I have no idea when the custom of embellishing handguns began. I would suspect that it had its beginning when Col. Sam Colt began to make up special presentation models of his popular percussion revolvers. If he didn’t come up with the idea, he certainly made good use of it.
Here in the Southwest it has long been the tradition to trick out a favorite handgun with some tasteful engraving and fancy stocks. One has only to look at the likes of Frank Hamer, Bill Tilghman, Pat Garrett, and Gen. George Patton (he got his famous single action in El Paso), to name just a few. During my career I ran into numerous lawmen who packed fancy guns, and they weren’t just for show, either. And, by the way, I’ve never heard a legitimate border gunman call them “Barbecue Guns,” either.
Back in the 1970s, I had Weldon Bledsoe engrave a Colt Single Action Army for me. It was a nice gun, but not one that I carried very often on duty. What I really wanted was an engraved 1911. After a few false starts, I happened to find out that the Colt Custom Shop had a bunch of nice guns for sale and I hurried to get a look at the list. One of the guns listed was a Government Model .45, with factory-”D” engraving, and a blued finish. “D” engraving, by the way, denotes full scroll coverage. I think I had to pay $750 for the pistol.
Of course, a nicely engraved gun needs something besides the checkered wooden stocks that came on mine. So I contacted the Gun-Art Company and ordered some carved elephant ivory. The right stock was to have the Masonic square & compass on it, while the left stock was to display the Scottish Rite double eagle.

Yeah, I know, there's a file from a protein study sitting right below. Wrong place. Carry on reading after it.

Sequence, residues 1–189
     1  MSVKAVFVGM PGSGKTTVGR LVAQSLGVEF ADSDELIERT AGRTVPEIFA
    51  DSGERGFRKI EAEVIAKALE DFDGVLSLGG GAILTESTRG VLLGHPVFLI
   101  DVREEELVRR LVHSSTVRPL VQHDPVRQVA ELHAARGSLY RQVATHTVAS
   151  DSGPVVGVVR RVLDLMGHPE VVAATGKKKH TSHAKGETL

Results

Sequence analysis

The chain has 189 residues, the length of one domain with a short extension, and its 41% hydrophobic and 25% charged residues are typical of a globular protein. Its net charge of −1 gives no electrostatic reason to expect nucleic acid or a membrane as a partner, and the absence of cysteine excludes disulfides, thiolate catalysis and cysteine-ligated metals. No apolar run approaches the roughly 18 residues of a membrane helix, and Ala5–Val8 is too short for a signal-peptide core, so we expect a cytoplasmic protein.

The ivory stocks arrived in due course, and I was surprised to discover that they had mistakenly carved the Mexican eagle & snake on the left panel. Not a problem, because I was soon working down in the border country and just told folks that the left grip panel was to honor my Mexican friends. That was not quite the truth, but was certainly politically sound. For the record, the Colt factory letter shows that my pistol was shipped in May of 1978, to Abilene, Texas. Unfortunately, the engraver’s name was not listed. So I don’t know if the beautiful scroll engraving was done by a Colt employee, or farmed out to an independent engraver. I wish I could thank him for his great work and tell him about the gun’s adventures in the Texas border country.
I’ve never had much use for guns just hanging on the wall, so I made a commitment to wear and use this beautiful Colt. I had it on my hip both times that I was sworn in as Sheriff of Crockett County, Texas. And it was my frequent companion on many a border country adventure.
Embellished guns are a nice way to honor our profession. But, please don’t call them Barbecue Guns!